More than 70 Bay of Plenty people have their benefits cut for failing to clear arrest warrants each year.

Ministry of Social Development figures show 87 benefits were suspended due to warrants to arrest last financial year in the Ministry's Bay of Plenty region. There were 74 in the previous financial year.

In the current financial year to December, 57 benefits have been suspended for arrest warrants.

Te Tuinga Whanau support service executive director Tommy Wilson said taking away somebody's ability to feed their family only compounded their problems. Social services should instead help beneficiaries face their challenges, including arrest warrants.

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"If you can proactively engage with these people and work through the reasons or the circumstances then you stop them disconnecting even further," he said.

Mr Wilson said advocates couldn't help those facing benefit cuts as much as they wanted to until more resources were allocated to the front line.

"If you reconfigure the existing resources and put it to the front line, and take it away from the backyard bureaucrats who don't know about the front line ... then I totally believe we can make huge inroads into the problems we're facing as a country."

Te Tuinga Whanau social service manager Piki Russell said it would be great if people came to the service before matters reached crisis point. Too many didn't approach the organisation until they had no home, were at risk of losing their home or had no food, and had exhausted all other avenues.

"Everybody has the ultimate belief that it will get better, but it doesn't get better. The longer they leave it, the worse that it gets."

She said many people who came to the service didn't know their rights or what they were entitled to: "In the engagement, we teach them to take care of themselves."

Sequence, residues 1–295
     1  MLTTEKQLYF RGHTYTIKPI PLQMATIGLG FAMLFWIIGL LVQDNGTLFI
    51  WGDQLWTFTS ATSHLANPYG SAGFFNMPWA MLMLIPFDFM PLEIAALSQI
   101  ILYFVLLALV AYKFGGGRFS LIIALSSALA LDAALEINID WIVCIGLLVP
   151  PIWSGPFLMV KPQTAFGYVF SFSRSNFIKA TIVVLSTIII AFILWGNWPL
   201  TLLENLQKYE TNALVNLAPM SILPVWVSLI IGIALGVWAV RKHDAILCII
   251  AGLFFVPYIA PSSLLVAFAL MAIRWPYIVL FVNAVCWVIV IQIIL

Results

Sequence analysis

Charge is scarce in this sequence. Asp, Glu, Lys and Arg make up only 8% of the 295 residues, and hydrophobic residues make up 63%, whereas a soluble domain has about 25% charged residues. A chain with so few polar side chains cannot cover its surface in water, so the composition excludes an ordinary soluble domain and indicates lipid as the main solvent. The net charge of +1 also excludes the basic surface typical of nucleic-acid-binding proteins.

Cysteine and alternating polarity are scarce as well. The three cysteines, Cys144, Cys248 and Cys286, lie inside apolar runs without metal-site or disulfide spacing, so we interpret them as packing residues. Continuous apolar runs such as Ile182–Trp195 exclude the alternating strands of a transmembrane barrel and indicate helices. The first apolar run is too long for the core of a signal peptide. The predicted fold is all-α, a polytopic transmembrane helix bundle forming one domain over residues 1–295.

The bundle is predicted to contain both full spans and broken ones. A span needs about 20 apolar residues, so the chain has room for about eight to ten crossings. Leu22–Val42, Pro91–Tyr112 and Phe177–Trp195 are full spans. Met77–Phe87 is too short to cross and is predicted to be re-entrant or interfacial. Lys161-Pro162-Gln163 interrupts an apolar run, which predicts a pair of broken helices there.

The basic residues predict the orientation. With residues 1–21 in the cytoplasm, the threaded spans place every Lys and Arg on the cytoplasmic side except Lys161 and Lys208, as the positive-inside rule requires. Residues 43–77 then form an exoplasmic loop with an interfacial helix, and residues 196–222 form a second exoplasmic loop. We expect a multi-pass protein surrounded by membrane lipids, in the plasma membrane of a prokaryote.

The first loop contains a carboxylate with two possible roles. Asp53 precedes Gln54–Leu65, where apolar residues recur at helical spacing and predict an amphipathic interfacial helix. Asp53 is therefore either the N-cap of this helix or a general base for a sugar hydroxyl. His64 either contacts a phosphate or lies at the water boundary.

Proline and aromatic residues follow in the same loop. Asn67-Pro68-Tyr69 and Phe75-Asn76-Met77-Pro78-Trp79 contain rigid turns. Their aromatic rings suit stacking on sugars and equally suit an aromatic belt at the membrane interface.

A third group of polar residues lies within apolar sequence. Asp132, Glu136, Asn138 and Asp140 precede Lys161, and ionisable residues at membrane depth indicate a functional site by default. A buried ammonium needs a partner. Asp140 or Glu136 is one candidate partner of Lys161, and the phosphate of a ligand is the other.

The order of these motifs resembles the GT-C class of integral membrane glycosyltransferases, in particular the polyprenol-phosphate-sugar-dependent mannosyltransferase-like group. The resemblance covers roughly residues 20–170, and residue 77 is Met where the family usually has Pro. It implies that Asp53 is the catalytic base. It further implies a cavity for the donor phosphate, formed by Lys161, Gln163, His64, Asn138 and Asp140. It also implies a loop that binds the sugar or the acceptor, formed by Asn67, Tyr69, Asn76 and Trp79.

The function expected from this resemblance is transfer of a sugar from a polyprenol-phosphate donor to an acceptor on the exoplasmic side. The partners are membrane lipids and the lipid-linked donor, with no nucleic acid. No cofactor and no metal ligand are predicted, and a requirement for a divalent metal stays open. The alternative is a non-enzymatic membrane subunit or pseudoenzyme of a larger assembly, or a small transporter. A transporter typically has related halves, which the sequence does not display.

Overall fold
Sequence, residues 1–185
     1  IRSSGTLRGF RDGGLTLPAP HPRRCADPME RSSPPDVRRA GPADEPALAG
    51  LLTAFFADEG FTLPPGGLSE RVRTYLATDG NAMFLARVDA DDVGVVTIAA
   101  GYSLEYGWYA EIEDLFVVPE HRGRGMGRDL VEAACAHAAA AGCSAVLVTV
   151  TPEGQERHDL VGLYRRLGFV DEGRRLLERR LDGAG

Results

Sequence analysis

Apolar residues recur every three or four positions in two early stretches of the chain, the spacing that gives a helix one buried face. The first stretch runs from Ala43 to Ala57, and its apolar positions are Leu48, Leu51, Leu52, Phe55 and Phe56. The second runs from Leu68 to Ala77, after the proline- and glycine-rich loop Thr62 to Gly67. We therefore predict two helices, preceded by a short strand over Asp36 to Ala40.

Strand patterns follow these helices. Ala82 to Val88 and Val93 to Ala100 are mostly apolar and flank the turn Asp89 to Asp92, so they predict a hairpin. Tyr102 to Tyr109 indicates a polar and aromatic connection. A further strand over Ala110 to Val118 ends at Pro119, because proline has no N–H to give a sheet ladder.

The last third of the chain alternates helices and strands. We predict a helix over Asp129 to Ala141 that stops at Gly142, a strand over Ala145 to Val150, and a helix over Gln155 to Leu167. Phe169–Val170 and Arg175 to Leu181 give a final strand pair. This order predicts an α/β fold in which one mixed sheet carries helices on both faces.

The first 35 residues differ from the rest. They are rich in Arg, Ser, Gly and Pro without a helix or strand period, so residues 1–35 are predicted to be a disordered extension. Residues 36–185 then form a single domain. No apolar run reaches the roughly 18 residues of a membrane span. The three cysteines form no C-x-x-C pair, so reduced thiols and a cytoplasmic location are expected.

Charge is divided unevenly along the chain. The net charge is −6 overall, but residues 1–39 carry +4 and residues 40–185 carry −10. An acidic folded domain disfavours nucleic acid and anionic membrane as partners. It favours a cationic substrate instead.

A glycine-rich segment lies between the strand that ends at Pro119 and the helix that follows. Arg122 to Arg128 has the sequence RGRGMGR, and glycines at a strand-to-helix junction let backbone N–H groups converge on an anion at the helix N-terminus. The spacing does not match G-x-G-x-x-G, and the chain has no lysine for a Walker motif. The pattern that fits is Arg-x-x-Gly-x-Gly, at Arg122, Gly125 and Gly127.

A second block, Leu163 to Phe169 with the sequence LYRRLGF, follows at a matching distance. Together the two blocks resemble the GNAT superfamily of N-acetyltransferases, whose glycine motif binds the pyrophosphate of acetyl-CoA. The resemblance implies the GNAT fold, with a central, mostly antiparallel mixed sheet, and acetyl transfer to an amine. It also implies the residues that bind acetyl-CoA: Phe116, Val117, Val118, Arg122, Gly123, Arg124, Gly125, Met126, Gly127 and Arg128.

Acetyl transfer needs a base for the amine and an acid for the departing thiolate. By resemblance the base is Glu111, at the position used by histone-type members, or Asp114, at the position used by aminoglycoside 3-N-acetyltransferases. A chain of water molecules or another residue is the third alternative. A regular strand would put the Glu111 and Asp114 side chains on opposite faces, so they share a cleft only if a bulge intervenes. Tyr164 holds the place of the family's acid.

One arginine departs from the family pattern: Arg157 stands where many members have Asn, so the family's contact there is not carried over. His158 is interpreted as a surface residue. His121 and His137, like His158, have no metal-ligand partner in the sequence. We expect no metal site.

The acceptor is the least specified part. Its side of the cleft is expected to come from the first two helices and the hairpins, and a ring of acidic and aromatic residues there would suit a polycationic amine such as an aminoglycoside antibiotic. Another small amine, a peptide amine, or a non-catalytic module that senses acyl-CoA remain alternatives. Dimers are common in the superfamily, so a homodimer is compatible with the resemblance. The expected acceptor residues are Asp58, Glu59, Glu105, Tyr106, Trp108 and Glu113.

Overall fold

The policy of cutting payments to those with outstanding arrest warrants was introduced in 2013.

The Ministry's deputy chief executive, service delivery, Ruth Bound, said a warrant to arrest must remain unresolved for 28 days for a benefit to be suspended. It would not be suspended if the warrant was resolved or the client had taken reasonable steps to resolve it.

Data showed 307 warrants to arrest were cleared in the Bay of Plenty last financial year compared to 253 the previous year and 217 in the current financial year to December. The warrant may have been cleared before or after suspension.

Ms Bound said the majority of those who had a warrant to arrest cleared it within 28 days and did not have their benefit suspended.

Nationally, 956 benefits were suspended due to a warrant to arrest last financial year, up on 902 the previous year.

Ms Bound said no more than 50 per cent of the benefit would be stopped for clients with dependent children. For couples, payment would be stopped for the client with the outstanding warrant and the remaining portion paid to their partner.